The Buzz

The F-108 Could Have Been America's Mach 3 Cold War Super-Interceptor

Fearing an onslaught of Soviet bombers during the 1950s, the U.S. Air Force was intent on developing supersonic interceptors to stop them.

Had they come to fruition, these high-altitude Mach 3 interceptors would have left today’s fighters in the dust.

In response to a 1949 Air Force request for a supersonic interceptor, Republic Aviation proposed in 1951 the XF-103, a ramjet fighter—more like a winged rocket—with a maximum speed of Mach 3 and a maximum altitude of eighty thousand feet. This, at a time when subsonic F-86 Sabres and MiG-15s were beginning to dogfight in Korea, and when today’s fighters don’t travel much faster than Mach 2.

But the XF-103 was so technologically ahead of its time that the project never went beyond a ground mockup before it was canceled. Yet that didn’t stop the Air Force’s quest.

1955 saw the start of the Long-Range Interceptor, Experimental program. In 1957, North American Aviation won a contract to develop the XF-108, a two-man interceptor capable of Mach 3 speed, a thousand-mile range and a maximum altitude of seventy thousand feet.

Perhaps not coincidentally, a Mach 3 speed and seventy-thousand-foot ceiling happened to be the specifications for North American’s XB-70 Valkyrie strategic bomber. North American actually did propose that the XF-108—officially named the Rapier—also serve as an escort fighter for the XB-70. In fact, the two aircraft looked somewhat alike, and would have shared some equipment, notably General Electric YJ93 engines and a crew escape capsule.

The XF-108 would have packed a useful combination of long-range endurance and the Hughes AN/ASG-18 radar, which would have been the first U.S. pulse-doppler radar as well as the first track while scan radar that could lock on to an individual target while still scanning the general area.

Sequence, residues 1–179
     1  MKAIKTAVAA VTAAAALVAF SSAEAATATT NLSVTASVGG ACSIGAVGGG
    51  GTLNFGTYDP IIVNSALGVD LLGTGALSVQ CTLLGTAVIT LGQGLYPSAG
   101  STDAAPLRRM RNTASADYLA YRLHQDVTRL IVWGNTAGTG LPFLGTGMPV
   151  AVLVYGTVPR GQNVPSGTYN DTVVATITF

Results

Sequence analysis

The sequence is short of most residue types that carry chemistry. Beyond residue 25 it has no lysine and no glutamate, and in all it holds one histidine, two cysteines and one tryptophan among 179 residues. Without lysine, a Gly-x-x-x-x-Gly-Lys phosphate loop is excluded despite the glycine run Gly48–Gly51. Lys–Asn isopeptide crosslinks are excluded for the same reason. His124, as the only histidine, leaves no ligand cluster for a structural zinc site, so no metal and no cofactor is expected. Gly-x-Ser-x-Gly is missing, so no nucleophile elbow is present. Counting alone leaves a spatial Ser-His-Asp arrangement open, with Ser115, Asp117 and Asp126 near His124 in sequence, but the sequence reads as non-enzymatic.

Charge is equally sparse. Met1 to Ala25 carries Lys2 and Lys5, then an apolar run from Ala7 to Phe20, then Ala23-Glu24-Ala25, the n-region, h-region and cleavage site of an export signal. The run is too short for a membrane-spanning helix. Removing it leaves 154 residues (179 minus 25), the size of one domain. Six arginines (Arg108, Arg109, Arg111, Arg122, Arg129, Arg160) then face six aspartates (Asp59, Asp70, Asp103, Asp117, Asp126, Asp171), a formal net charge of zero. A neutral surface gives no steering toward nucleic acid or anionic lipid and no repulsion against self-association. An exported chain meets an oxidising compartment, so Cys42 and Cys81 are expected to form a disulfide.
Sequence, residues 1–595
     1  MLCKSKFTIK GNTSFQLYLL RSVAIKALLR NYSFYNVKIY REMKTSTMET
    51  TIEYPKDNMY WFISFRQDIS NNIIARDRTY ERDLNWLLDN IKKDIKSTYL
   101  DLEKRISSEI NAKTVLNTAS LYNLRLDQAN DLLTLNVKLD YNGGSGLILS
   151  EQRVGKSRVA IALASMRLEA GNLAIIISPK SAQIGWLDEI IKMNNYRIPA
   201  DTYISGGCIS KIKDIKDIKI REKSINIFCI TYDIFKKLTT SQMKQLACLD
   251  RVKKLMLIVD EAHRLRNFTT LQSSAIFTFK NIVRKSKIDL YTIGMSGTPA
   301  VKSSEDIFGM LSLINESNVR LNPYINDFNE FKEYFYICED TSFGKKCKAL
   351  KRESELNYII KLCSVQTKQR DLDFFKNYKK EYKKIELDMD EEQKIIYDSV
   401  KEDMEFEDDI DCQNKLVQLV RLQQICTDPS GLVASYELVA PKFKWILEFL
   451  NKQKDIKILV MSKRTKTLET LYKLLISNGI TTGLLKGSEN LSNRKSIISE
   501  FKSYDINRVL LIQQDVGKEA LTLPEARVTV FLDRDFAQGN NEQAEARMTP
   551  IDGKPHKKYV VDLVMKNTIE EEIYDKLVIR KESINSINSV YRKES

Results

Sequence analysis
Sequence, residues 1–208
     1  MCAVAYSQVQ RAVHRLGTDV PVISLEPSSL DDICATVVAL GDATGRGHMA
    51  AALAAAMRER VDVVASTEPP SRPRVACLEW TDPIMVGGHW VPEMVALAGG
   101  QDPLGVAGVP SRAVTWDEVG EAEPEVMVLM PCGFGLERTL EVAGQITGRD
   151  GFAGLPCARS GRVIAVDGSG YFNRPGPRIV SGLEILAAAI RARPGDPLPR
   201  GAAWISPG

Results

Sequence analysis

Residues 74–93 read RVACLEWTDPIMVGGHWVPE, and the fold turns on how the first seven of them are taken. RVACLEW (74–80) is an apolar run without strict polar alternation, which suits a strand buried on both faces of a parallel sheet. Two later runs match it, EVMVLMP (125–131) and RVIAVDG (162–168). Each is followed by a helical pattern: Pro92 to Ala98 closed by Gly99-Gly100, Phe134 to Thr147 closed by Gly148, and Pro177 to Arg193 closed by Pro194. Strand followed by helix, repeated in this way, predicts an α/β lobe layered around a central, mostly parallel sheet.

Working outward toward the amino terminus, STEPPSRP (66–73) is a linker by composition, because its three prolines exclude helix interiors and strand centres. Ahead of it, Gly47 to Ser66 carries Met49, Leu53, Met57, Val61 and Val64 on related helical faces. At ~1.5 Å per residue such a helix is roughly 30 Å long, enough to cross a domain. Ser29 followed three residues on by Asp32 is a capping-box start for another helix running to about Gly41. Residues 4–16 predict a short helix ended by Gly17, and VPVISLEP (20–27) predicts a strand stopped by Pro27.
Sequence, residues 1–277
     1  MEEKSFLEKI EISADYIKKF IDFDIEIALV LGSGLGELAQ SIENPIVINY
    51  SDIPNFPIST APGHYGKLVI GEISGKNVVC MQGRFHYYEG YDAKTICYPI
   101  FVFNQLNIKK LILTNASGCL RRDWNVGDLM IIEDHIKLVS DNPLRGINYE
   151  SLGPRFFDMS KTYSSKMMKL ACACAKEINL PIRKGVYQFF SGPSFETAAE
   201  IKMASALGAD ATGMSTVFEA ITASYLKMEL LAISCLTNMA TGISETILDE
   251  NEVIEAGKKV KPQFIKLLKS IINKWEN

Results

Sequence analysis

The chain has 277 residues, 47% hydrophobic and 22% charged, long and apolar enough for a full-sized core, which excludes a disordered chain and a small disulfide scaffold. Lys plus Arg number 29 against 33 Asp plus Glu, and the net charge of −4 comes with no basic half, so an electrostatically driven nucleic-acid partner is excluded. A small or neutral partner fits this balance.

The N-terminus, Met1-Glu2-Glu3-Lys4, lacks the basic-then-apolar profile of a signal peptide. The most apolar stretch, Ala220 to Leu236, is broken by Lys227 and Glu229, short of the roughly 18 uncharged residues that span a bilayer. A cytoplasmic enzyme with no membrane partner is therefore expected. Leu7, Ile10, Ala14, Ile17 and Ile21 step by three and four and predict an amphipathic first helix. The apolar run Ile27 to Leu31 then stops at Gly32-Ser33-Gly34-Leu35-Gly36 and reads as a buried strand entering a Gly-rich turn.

The F-108 was envisioned as a “gap-filler for the Distant Early Warning (DEW) radars,” write authors Dennis Jenkins and Tony Landis. “If a few aircraft were based at remote Arctic airfields, a sufficient number of them could be airborne to eliminate the gaps that existed in radar coverage. Each F-108 could scan about 278,000 square miles—an area a little larger than Texas—per hour.”

Thus in effect, the F-108 would have functioned as an armed long-range radar station equipped with a battery of three Falcon air-to-air missiles.

While the XF-103 was doomed because it pushed the technology envelope a little too far, the XF-108’s flaw was exceeding the budgetary envelope. President Eisenhower complained that the Air Force’s plan to buy 480 F-108s would have cost $4 billion ($33 billion in today’s dollars), which at the time was viewed as too steep a price tag.

More important, the whole concept of a high-speed, high-altitude interceptor was in trouble. By the late 1950s, ICBMs were beginning to supplant manned bombers as the biggest nuclear threat to the United States. In the battle for the military budget, air defense inevitably lost.

The XF-108 was canceled in September 1959—or mostly canceled. The XF-108’s features would be passed on to an aircraft that looked remarkably like it: the North American A-5 Vigilante. The Vigilante bomber was one of the largest aircraft to operate from U.S. Navy carriers, seeing extensive service in Vietnam.

It’s important not to be too awed by that Mach 3 speed. Had the F-108 and its ilk entered service, the United States would have had a fleet of big, unmaneuverable, extremely fast fighters that would have been useful to stop a (mostly imaginary) Soviet bomber threat. They would not have been terribly useful as tactical aircraft in the Vietnam War, where maneuverability and the ability to carry bombs were just as important as speed. While today’s fighters are slower, they are also much more capable in maneuverability, sensors and stealth.

Still, a Mach 3 fighter in the 1950s would have been an impressive—if limited—achievement.

Michael Peck is a contributing writer for the National Interest. He can be found on Twitter and Facebook.

Image: XF-108. Wikimedia Commons/Creative Commons